MONTREAL – Clearing Canada’s bumper grain crop caused St. Lawrence Seaway traffic to spike in May as more than twice the normal number of ocean-going vessels passed through the waterway.
The Port of Thunder Bay had its busiest month in 16 years as more than 1.5 million tonnes of cargo, mostly grain, were moved.
The number of vessels passing through the northwestern Ontario port increased by 35 per cent from last May and included 26 ocean-going vessels — the most for any month since 2000 — and 44 domestic ships.
The St. Lawrence Seaway Management Corp. said Tuesday that Canadian domestic ships were also busy transporting grain to Quebec ports to be loaded onto ships destined for Europe, the Middle East, Latin America and Africa.
Bruce Hodgson, director of market development, said the seaway is playing a “critical role” in relieving the grain backlog that was built up over the winter.
“We’re seeing a huge spike in ocean vessels coming into the system and the Canadian Great Lakes fleet is going gangbusters to respond to orders from the grain companies,” he said in a news release.
The heightened activity came as the seaway’s shipping season got off to its latest start in five years, toward the end of March, as harsh winter weather created some of the worst ice conditions in decades.
Canadian grain shipments from March 25 to May 31 were 1.4 million tonnes, up 2.4 per cent from the prior year.
Shipments of stone, salt and general cargo were also strong during May, but total system-wide shipments from Canada and the U.S. year-to-date were down 20 per cent to 6.6 million tonnes, largely due to iron ore.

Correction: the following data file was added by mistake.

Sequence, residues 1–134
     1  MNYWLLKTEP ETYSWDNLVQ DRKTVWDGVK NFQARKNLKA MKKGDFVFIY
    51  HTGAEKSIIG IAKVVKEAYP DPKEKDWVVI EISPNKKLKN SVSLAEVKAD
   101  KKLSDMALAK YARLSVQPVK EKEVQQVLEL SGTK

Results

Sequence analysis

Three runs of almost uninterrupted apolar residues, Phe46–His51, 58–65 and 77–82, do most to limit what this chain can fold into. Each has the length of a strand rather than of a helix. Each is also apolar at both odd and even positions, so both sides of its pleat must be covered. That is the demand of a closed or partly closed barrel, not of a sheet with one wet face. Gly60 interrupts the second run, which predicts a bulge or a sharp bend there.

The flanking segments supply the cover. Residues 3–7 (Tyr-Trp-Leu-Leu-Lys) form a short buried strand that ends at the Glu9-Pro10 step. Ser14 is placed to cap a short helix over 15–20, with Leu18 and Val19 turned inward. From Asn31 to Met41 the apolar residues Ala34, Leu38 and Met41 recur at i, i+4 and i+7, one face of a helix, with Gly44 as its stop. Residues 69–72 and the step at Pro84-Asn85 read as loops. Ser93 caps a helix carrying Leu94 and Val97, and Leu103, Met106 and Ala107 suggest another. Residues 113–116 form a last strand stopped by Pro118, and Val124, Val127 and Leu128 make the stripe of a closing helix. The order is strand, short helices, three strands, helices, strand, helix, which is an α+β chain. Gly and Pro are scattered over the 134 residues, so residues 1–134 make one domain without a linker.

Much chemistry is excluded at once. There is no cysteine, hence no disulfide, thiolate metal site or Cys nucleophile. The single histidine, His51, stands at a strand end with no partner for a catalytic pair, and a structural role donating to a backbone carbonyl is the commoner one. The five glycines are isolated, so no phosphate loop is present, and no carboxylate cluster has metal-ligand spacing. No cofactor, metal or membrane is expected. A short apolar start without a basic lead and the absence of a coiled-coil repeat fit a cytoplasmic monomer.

Ore shipments were down nearly 37 per cent from last year to 1.4 million tonnes. Liquid bulk was down 35.7 per cent while coal was off 31.5 per cent and dry bulk 14 per cent lower. Grain was down 5.5 per cent to 1.69 million tonnes so far this year due to a 38 per cent drop in U.S. volumes, while general cargo was up nearly 41 per cent.
Algoma Central Corp. said it expects its Great Lakes fleet to be working “flat out” for the rest of the year.
Two laid-up ships are being put into service and the new Algoma Harvester — the second of eight new large bulk carriers built in China that will be added in the next two years — will arrive in mid-July.
The seaway expects at least 38 million tonnes of goods will move along the waterway this year, up from the 37 million tonnes transported in 2013.
A bumper grain crop of 76 million tonnes — 50 per cent more than average — should allow seaway shipments to increase this year after slipping 3.2 per cent in 2013 because the crop, although a record, was quite late.
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